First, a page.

"Love so amazing, so divine, demands my soul, my life, my all." -- Isaac Watts
Maundy Thursday: March 24, 2016
With my forbears, I believe that Jesus of Nazareth was fully human, just like you and me. In this moment, the moment of his death, this fact is painfully clear. His death was terrible, and in that time its manner, brutally common. Yet I also believe that Jesus lived Divine Love purely, as fully and perfectly as any human can. He did not sway from the course of his mission to make present the Love of God for the world. His death was the consequence of his unwavering devotion to every soul God has made: the powers of jealousy, hatred and evil that exist within us have always found this way of living to be an unacceptable threat.
Divine love is that love of which we are commanded, on Maundy Thursday — the Thursday of the command — You shall love. Human love is preferential: it is easy to love those like ourselves. It easy is to love those we are attracted to, those of our same opinions, skin color, sexuality, religion. Divine Love, is something different entirely: it is treating every soul as a child of God, even our enemies. Every soul God hath made, is beloved, of inestimable worth. We do not come by this loving naturally; it wells up in our souls from some mysterious source that we gesture at with the word God. Christians, speak of this astonishing gift as grace: love unmerited, love unconditional, love divine.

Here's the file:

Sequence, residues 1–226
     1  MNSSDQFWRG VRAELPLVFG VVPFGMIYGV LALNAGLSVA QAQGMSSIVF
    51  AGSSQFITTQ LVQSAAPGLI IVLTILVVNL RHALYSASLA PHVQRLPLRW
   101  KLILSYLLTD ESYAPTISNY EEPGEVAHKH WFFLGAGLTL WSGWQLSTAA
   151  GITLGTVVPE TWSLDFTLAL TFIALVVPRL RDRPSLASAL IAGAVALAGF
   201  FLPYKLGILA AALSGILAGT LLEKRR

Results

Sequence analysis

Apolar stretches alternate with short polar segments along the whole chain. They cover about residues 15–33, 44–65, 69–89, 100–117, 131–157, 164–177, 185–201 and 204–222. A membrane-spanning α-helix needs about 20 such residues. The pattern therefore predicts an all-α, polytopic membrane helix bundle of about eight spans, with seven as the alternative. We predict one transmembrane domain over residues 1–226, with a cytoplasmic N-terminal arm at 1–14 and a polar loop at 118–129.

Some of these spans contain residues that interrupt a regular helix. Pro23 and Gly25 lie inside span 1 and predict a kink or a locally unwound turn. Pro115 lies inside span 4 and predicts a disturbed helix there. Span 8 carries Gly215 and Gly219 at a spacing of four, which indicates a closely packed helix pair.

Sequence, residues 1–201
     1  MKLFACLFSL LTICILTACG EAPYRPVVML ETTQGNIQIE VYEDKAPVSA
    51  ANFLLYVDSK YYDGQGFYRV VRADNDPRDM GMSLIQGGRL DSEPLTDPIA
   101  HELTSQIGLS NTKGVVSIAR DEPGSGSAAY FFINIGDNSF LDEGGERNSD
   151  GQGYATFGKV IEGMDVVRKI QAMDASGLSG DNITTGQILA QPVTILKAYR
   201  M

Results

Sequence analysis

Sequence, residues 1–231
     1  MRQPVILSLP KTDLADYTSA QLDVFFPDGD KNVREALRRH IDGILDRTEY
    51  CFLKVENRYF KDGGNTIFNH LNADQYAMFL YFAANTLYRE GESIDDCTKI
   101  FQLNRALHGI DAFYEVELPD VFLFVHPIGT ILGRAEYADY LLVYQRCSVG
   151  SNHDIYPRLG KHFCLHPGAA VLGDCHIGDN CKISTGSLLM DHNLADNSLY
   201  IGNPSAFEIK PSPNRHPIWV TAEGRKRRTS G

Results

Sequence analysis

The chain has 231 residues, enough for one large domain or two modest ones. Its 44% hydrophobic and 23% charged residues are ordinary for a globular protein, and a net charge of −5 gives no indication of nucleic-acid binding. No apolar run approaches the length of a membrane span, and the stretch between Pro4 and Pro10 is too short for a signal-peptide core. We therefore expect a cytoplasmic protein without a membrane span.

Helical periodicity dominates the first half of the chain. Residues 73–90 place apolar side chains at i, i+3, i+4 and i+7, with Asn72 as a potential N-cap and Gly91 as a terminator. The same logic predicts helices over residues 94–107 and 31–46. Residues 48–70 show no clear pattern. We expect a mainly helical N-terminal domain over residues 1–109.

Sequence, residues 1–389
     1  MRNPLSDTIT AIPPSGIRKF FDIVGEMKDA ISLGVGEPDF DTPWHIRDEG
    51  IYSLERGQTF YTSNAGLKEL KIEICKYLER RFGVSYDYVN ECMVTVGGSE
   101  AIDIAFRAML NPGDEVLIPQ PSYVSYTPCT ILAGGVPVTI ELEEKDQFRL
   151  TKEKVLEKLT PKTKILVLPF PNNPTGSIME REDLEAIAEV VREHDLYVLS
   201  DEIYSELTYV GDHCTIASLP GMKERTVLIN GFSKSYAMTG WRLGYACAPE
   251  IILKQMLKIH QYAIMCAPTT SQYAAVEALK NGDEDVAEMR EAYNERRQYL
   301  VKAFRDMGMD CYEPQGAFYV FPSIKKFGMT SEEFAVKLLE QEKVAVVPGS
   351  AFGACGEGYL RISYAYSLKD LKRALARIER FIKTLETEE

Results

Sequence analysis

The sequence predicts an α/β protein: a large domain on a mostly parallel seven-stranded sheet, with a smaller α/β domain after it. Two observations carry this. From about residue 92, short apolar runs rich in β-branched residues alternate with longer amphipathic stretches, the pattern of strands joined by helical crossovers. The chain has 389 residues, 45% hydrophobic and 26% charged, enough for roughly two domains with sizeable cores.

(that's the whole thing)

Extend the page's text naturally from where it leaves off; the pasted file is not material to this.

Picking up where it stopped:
This is how I understand the wisdom my forbears taught me to proclaim: Jesus the Christ: fully human, fully divine. The Christ is Divine love made visible, the Word made flesh, the love that authors us. Yet tonight I must also admit that in the death of the flesh, its source, remains hidden to me.
The philosopher Søren, Kierkegaard speaks of this mystery in a passage I have returned to again and again over the years. I share it with you as our final words tonight:
Love’s hidden life is in the innermost being, unfathomable, and then in turn is in an unfathomable connectedness with all existence. Just as the quiet lake originates deep down in hidden springs no eye has seen, so also does a person’s love originate even more deeply in God’s love. If there were no gushing spring at the bottom, if God were not love, then there would be neither the little lake nor a human being’s love. ...
Just as a quiet lake invites you to contemplate it but by the reflected image of darkness prevents you from seeing through it, so also the mysterious origin of love in God’s love prevents you from seeing its ground.
… In the same way the life of love is hidden, but its hidden life is in itself in motion ... however calm its surface, is actually flowing water, since there is the gushing spring at the bottom — so also love, however quiet it is in its concealment, is flowing nevertheless. But the quiet lake can dry up if the gushing spring ever stops; the life of [Divine} love, however, has an eternal spring. This life is fresh and everlasting. No cold can freeze it.
And no darkness can over come it, not even death. Jesus made this eternal ever flowing love visible in his life with us, for us. So, on this night, we are commanded to follow and do the same.